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I turn to Zimbabwe and the daily deteriorating situation of horror there. Two weeks ago, the Government sent the noble Baroness, Lady Amos, to the EU-Africa summit to represent our country. What a pity there was no Statement to this House by the noble Baroness. She could so easily have intervened in the debate of the noble Lord, Lord Alton, on conflict in Africa last Thursday. I wonder if anyone thought to encourage her—or, indeed, even discourage her—from doing so.

Was anything agreed at the EU-Africa summit to discomfit Mr Mugabe? If so, why was it not mentioned in the conclusions of last weekend’s summit? Why was it left to my noble friend Lord Hamilton of Epsom to raise it today in Question Time? Is the noble Baroness aware that patience in the House is wearing very thin at the line that this brutal tyranny is something that only Africa can deal with? Whatever happened to an ethical foreign policy?

Finally, I return to the question of the referendum. The conclusions of the summit talk of,

The Prime Minister has talked, although it seems a long time ago now, of restoring trust in politics. How can we do either of these things if two parties—the Government and the Liberal Democrats—flagrantly dishonour their promises to the British people to hold a referendum on this treaty? The Prime Minister’s confidence in this treaty’s acceptability and his willingness to proclaim its merits by taking them to the British people were on display in the hole-in-the-corner charade in Lisbon. The Liberal Democrats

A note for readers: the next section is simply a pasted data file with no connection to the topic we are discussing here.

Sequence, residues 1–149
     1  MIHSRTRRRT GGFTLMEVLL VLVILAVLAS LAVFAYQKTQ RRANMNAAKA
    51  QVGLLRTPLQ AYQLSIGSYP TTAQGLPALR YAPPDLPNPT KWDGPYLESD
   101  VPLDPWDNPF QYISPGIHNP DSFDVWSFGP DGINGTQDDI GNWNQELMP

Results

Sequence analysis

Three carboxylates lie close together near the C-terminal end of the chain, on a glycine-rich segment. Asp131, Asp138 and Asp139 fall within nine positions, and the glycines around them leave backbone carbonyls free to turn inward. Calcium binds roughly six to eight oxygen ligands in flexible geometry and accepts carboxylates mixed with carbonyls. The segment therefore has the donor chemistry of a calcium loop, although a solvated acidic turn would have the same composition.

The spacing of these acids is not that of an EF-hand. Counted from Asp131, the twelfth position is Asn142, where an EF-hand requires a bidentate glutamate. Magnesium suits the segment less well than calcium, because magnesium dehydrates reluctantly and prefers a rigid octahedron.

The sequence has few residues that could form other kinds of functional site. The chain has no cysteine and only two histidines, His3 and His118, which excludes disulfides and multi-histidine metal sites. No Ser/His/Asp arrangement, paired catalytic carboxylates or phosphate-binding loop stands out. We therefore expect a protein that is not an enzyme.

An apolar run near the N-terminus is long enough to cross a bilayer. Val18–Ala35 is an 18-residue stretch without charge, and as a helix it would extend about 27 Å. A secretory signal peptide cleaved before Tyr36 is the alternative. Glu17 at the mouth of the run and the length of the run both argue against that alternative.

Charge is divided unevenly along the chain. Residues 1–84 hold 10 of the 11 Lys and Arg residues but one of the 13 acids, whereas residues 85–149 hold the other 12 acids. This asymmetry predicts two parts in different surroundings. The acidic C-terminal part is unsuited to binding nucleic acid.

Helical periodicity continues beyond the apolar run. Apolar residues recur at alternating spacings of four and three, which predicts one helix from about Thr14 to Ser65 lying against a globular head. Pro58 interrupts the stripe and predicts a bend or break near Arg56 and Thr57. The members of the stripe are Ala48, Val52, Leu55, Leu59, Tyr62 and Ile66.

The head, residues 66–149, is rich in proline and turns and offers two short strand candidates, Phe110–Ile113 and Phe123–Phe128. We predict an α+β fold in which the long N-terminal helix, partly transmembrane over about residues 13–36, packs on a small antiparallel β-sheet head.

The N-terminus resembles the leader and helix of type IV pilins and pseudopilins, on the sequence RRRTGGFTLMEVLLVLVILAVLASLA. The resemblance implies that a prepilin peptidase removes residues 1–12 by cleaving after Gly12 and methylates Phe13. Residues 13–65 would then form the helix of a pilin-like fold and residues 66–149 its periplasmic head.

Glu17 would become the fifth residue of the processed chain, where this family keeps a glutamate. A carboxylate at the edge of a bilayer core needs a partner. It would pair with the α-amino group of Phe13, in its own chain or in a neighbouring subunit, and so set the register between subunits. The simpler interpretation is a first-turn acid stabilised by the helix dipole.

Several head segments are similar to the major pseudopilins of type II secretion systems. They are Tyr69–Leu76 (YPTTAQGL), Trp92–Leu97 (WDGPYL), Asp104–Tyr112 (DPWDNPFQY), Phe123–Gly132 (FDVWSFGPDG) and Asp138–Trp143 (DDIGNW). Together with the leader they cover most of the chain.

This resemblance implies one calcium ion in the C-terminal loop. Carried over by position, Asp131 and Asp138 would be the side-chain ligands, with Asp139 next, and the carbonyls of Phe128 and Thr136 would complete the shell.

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have joined him, skulking in that very same corner. If this treaty is so good, then, as Mr Blair once said, let us have the national debate: “Let battle be joined”.

As 240 of the 242 propositions in the rejected constitution are in the new treaty, and as most of the red lines were in the previous document on which we were offered a referendum, just what is the difference now? Why “yes” then and “no” now? The noble Baroness has bravely taken leadership in this House on Europe, so she knows the answers to these questions. So can she tell the House unequivocally what elements that were in the constitution are not in the new treaty? Will she spell them out? What is the difference between the two? Every other European leader admits that they are substantially the same, so why cannot she do so this afternoon? Does she not see that there will be no trust in this Government unless they fulfil that central promise which they gave at the last general election? After the farce of Lisbon, there will be no authority for this Government in Europe unless our Prime Minister can show, before ever the treaty comes to be ratified, that he is a strong leader whose actions carry the full-hearted consent of the British people? Great harm was done to the image of our country last weekend. Only honesty, courage and the keeping of promises can repair it.

4.21 pm

Lord McNally: My Lords, watching the Prime Minister, I have worked out that his favourite bedtime reading is How to Offend Friends and Alienate People. Last weekend, he managed to annoy the Europhobes by signing the treaty and the pro-Europeans by an exercise that sent all the wrong messages and—as the noble Lord, Lord Strathclyde, indicated—made us look silly. Fortunately, tomorrow the Liberal Democrats will have a new leader: young, committed to Europe and well versed in European affairs. He—either of them, they both fill this—will be a 21st-century leader, whereas the Prime Minister is looking increasingly like a leftover from the Attlee Government who famously boycotted the Coal and Steel Community talks because the Durham miners would not have it. However, despite the Prime Minister’s ineptitude, we will support the Government in their desire for Parliament to endorse this treaty via the European Union (Amendment) Bill, so long as the Bill is presented in a positive and forward-looking fashion.